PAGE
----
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Aristotle-Stoics

Philosophy and psychology need each other. Philosophy without psychology is a brain in a vat, artificially cut off from emotions and actions and the habits of life. Psychology without ethics is a chicken without a head, focused entirely on evidence without any clear sense of the goal. Practical philosophy is a bridge between the evidence-based techniques of psychology, and the Socratic questioning of philosophy.

I wish that, when I was suffering from social anxiety and depression at school, someone had told me about Stoic philosophy, and explained their idea that my emotions are connected to my beliefs and attitudes, and we can transform our feelings by changing our beliefs. Instead I had to find all this out for myself, and it took me several rather unhappy years. When I did finally come across ancient philosophy, it helped me enormously.

Here are eight key ideas from Stoicism that, speaking personally, I wish I’d come across at school:

1) It’s not events that cause us suffering, but our opinion about events.

People often think ‘Stoic’ means ‘suppressing your emotions behind a stiff upper lip’. This is not what ancient Stoicism meant. The Stoics thought we could transform emotions by understanding how they’re connected to our beliefs and attitudes. Often what causes us suffering is not a particular adverse event, but our opinion about it. We can make a difficult situation much worse by the attitude we bring to it. This doesn’t mean relentlessly ‘thinking positively’ – it simply means being more mindful of how our attitudes and beliefs create our emotional reality. We don’t realize that often we are the ones causing ourselves suffering through our thoughts. Have you noticed how people react very differently to exactly the same event, how some sink rapidly into despondency while others shrug it off? Perhaps we can learn to be more resilient and intelligent in how we react to events.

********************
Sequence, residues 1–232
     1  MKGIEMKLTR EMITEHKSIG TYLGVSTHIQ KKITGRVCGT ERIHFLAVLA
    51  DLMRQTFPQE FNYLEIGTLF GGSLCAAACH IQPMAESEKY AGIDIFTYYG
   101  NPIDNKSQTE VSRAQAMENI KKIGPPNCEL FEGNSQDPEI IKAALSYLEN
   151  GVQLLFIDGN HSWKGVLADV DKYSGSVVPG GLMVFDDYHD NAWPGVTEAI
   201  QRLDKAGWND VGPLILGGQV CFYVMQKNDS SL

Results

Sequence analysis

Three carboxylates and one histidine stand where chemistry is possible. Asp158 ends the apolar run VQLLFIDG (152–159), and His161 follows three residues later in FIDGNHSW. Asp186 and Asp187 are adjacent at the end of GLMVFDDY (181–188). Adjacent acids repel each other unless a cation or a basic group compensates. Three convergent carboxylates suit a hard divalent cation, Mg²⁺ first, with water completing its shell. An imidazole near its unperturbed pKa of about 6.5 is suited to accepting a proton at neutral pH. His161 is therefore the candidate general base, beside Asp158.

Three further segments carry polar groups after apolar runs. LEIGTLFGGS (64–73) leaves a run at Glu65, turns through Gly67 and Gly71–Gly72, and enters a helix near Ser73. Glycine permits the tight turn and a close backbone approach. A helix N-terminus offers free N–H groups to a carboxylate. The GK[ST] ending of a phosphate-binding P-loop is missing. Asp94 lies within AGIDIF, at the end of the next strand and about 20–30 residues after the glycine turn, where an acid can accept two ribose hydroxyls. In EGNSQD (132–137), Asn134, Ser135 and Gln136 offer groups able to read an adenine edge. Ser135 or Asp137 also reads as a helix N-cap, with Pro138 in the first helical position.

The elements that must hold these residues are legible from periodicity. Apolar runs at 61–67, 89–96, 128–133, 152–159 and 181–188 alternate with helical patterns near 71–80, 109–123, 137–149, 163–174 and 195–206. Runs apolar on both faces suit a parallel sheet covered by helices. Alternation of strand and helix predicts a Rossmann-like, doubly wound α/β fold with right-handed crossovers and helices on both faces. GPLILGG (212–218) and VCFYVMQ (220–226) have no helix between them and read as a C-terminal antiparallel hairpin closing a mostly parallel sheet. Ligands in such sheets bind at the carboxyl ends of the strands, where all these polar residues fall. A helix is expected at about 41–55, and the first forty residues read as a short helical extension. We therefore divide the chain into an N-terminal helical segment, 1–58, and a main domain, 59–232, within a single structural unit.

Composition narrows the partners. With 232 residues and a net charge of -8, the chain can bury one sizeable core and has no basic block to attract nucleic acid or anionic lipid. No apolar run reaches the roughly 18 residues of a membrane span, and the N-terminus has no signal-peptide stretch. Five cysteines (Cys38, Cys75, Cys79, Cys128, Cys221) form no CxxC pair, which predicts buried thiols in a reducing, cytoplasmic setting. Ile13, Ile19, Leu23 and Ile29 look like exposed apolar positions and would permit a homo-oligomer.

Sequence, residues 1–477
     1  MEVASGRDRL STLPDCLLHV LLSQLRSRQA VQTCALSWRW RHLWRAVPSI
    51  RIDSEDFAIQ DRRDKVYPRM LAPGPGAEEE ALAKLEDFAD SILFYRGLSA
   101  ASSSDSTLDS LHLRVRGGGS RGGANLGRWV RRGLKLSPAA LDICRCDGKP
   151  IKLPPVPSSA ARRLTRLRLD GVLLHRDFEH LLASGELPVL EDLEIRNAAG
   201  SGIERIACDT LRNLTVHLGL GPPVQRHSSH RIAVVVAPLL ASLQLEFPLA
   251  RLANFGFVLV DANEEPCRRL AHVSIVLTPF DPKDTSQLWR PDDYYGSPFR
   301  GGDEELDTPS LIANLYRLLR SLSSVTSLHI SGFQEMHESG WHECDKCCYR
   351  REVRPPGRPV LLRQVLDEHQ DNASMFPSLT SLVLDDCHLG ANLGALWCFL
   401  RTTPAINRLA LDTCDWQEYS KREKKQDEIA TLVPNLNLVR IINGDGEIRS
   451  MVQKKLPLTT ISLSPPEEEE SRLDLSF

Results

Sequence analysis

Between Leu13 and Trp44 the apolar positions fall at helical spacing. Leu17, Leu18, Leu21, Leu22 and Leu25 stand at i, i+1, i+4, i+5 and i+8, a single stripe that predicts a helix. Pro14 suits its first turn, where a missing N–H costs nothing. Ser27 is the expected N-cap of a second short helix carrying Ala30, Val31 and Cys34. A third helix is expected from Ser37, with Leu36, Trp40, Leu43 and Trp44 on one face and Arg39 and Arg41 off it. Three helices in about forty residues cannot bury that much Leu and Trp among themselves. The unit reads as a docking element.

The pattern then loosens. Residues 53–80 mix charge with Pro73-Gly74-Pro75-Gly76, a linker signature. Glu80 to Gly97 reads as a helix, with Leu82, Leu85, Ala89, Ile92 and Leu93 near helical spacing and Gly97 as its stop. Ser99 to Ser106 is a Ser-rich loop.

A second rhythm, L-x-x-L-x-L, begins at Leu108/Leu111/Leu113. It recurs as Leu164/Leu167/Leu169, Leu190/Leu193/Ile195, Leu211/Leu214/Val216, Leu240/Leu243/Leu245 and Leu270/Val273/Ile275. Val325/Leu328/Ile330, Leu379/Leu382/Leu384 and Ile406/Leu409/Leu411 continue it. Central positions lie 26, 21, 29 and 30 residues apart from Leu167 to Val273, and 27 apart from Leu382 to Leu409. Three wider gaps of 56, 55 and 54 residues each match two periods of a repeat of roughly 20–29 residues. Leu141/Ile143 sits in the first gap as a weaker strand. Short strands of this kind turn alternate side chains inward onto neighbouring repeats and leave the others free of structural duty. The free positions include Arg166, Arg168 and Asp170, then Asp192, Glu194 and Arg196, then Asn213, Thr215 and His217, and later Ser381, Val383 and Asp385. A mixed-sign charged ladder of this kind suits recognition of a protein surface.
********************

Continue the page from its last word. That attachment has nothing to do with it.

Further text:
2) Our opinions are often unconscious, but we can bring them to consciousness by asking ourselves questions